ATLANTIC CITY - Maybe Bernard Hopkins didn't get old all at once. Maybe his boxing mortality crept up on him, on little cat's feet, the gradual erosion of his marvelous skills taking place over years, sliver by sliver, tiny piece by tiny piece.

But, at 47, all those missing pebbles tend to add up. And Saturday night, against a talented and committed opponent 18 years his junior, the aging master finally found out what it was like to peer into the future and see . . . well, maybe the retirement that should have awaited him years ago.

Dawson wrested the WBC and The Ring magazine light-heavyweight championships from Hopkins here Saturday night in Boardwalk Hall, by scores of 117-111 (judges Steve Weisfeld and Kevin Flaherty) and 114-114 (Luis Rivera).

"What did he do to win that fight?" Hopkins said. "I knew the only way I could win was to knock him out."

It wasn't as if "Bad" Chad Dawson (31-1, 17 KOs) totally dominated Hopkins (52-6-2, 32 KO's). Hopkins had his moments. He always does. It's just that those moments seemed further between than we have become accustomed to seeing, and less spectacular than what he was able to fashion in flummoxing such younger opponents as Kelly Pavlik and Jean Pascal.

For more than a decade now, fight fans had come to believe that the seemingly ageless Hopkins was immune to the natural laws of diminishing returns, that the swimming pool at his Hockessing, Del., mansion somehow was being fed by the Fountain of Youth.

Dawson - who believed he was on his way to just such a victory on Oct. 15 in Los Angeles, when Hopkins was unable to continue after sustaining a shoulder injury in the second round after being tossed to the canvas - was the aggressor throughout, landing more punches, and the more telling ones.

A headbutt from Hopkins, ruled accidental by referee Eddie Cotton, opened a cut over Dawson's left eye in the third round. Dawson apparently didn't believe the clash of skulls was by chance, and he glared at Hopkins.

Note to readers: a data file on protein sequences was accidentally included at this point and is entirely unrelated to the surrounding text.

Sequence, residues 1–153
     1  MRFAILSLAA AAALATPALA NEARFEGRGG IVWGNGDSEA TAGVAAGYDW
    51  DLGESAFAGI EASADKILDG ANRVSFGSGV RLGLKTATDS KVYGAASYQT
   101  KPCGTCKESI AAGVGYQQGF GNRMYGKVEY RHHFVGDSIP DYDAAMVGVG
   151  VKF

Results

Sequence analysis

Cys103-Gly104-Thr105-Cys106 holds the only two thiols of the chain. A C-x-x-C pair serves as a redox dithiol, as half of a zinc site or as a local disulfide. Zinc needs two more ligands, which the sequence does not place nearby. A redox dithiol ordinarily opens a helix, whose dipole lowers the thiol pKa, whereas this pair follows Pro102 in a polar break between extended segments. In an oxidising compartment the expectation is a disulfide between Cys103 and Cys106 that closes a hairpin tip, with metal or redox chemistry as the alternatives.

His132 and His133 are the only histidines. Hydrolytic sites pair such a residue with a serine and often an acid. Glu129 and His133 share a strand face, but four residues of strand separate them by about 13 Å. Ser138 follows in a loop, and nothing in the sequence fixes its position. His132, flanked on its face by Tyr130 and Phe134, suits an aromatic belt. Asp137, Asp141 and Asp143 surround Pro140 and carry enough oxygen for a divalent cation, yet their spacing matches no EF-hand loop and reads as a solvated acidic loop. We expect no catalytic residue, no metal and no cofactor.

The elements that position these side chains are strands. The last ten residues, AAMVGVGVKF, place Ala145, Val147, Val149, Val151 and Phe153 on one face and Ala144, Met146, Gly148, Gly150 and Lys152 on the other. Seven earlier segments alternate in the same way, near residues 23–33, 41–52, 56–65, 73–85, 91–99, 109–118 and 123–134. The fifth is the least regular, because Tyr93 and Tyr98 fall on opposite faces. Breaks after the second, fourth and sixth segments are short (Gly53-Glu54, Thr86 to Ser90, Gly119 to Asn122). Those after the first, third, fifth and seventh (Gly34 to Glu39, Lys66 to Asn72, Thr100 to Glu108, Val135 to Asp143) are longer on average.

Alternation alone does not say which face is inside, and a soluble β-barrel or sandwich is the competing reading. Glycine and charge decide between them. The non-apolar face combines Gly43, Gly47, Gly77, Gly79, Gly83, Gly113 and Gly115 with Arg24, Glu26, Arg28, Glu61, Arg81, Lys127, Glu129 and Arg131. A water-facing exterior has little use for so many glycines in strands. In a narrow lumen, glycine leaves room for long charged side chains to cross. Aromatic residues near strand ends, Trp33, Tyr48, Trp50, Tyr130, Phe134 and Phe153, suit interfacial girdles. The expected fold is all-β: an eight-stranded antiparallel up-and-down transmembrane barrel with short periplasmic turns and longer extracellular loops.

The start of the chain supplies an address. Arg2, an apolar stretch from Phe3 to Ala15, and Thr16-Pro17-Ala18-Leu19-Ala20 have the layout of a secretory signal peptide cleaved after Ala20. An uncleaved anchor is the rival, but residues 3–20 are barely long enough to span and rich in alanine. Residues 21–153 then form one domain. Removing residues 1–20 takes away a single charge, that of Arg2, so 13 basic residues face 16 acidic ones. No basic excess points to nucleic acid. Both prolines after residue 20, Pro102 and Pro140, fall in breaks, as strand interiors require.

In the 11th round, both fighters tumbled to the canvas when Hopkins made a better tackle than Asante Samuel ever made while a member of the Eagles.

"I was prepared for his dirty tactics," Dawson said of Hopkins' particular form of ring generalship.

The question for Hopkins now is whether he wants to, or even should, continue to ply his trade after 24 years. He is a certain first-ballot Hall of Famer, and maybe that should be enough to satisfy him going forward.

In the cofeatured bout, former Michigan State linebacker Seth Mitchell (25-0-1, 19 KOs) weathered a shaky first round to stop Chazz "The Gentleman" Witherspoon (30-3, 22 KOs) in three rounds.

Witherspoon, the St. Joseph's University graduate from Paulsboro, N.J., dominated the first round, but Mitchell kept his composure and began to turn the tide in the second round with a two-handed body attack. The onetime NFL hopeful floored Witherspoon with a left hook in Round 3, and he was scoring heavily along the ropes when referee Randy Neumann stepped in and waved the bout off after an elapsed time of 2 minutes, 31 seconds.

Mitchell earned the minor NABO title with the victory, but more importantly he established himself as an American heavyweight on the rise in a division that hasn't seen a United States fighter challenge the long-established dominance of Ukraine's Klitschko brothers, Wladimir and Vitali, for a very long time.